5)      Own your own story. Remember that interviewers are people too, who have made their own mistakes in life and are usually willing to overlook your own provided you have the right approach. It’s important to be comfortable in your own skin. If you are upfront and honest when asked a question without coming across as defensive you will project a self assurance that will put recruiters at ease.

Here is my favorite true anecdote from a few years ago: A student was hitting it off with a recruiter at an on-campus info session for a very prestigious consulting firm. However, her hopes began to dash when the recruiter asked her, “What’s your GPA?”  She could see that her response of a 2.76 made the recruiter’s face fall and so she said, “I can see that you’re disappointed,” and the recruiter agreed. The student lifted up her chin and said with a smile, “Let me tell you something. I’m the first person in my family to go to college and I am so proud of the fact that I worked hard enough to end up at Penn. I’m continuing to work hard here and I’m thrilled with my GPA.” Guess what? She ended up getting an interview.

Author: Claire Klieger

Claire Klieger is an Associate Director of Career Services for College of Arts & Sciences undergraduates. She earned her Ed.D. from Penn and did her undergraduate work at the University of Virginia. Fun Fact: Claire spent 11 years in the Middle East and North Africa.

2 thoughts on “Answering the Dreaded “Why isn’t your GPA Higher?” Interview Question”

  1. The points in this article are certainly good ones, but students may still be left wondering how to avoid saying negative things in response to a negative question and in trying to do so may fall into the trap of trying to shift blame. The truth is always the way to go in job hunting, but just how much of the truth and in which way? “I was pledging a frat freshman year and completely underestimated my ability to hold my alcohol. I showed up to the final exam plastered and was asked to leave by the prof because I couldn’t stop giggling.” is probably not exactly the way to respond.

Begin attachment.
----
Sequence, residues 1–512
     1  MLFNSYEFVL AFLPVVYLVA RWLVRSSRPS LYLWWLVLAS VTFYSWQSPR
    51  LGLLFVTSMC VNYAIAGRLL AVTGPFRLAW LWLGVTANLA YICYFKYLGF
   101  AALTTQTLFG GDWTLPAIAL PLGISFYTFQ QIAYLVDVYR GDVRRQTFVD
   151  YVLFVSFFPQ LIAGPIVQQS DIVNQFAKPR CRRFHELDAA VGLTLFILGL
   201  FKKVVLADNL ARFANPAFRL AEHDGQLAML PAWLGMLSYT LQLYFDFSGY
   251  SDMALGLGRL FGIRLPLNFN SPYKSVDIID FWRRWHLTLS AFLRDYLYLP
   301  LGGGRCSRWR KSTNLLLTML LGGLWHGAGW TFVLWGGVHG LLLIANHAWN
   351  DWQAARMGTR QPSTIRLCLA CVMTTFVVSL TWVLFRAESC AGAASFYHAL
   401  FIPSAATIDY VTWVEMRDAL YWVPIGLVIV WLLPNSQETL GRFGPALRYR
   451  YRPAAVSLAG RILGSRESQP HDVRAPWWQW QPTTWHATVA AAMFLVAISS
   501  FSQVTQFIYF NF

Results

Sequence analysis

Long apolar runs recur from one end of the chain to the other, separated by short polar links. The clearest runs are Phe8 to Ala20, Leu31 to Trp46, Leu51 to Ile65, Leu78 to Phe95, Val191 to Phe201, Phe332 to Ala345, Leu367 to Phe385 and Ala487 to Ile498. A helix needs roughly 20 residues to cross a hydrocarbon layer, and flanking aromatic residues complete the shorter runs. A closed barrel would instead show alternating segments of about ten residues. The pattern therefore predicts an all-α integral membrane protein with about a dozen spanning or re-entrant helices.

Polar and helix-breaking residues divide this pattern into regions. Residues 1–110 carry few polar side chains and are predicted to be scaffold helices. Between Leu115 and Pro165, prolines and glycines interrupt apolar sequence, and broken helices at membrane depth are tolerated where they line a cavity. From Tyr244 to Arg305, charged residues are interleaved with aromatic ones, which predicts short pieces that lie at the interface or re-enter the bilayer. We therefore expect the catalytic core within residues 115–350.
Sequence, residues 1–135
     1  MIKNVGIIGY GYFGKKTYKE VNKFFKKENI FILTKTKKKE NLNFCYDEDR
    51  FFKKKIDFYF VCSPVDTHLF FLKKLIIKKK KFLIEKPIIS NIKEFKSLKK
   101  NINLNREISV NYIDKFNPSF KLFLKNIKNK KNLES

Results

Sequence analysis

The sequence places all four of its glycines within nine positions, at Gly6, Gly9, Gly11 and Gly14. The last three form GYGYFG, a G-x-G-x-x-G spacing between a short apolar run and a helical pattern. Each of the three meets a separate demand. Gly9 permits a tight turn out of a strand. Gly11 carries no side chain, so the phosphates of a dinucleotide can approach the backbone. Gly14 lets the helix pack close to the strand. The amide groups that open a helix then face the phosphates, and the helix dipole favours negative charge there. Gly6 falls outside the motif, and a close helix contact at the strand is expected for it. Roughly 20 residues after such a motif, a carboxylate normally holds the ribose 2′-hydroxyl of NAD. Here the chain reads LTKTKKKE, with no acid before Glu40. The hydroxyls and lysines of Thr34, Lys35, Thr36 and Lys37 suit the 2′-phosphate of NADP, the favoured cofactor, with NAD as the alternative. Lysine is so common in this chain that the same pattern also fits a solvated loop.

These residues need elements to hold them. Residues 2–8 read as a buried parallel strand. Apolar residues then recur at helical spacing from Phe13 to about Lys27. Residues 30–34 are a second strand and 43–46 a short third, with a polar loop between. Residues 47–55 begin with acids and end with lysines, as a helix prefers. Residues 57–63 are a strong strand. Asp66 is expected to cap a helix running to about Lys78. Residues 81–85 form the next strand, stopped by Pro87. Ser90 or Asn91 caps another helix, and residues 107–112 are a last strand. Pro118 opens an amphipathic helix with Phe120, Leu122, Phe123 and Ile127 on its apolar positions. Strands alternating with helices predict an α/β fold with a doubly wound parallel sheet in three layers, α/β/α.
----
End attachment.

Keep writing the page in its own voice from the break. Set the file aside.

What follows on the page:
2. Hey Danni! Thanks for participating in our CS blog. If you’re a Penn student or alum, please note that we CS counselors are available to do mock interviews with you in person or over the phone. When practice interviewing with us, we are able to address your specific concerns and help you tailor appropriate responses to the toughest interview questions. If you don’t have time for a mock–or are an expert interviewee in every regard except handling those tough questions, you may also seek advice during appointments, walk ins, or via emails. While I’d rather not address the hungover and giggling problem in this blog–since we know it was only a hypothetical example anyway–my colleagues and I would be happy to discuss any and all questions on an individual basis.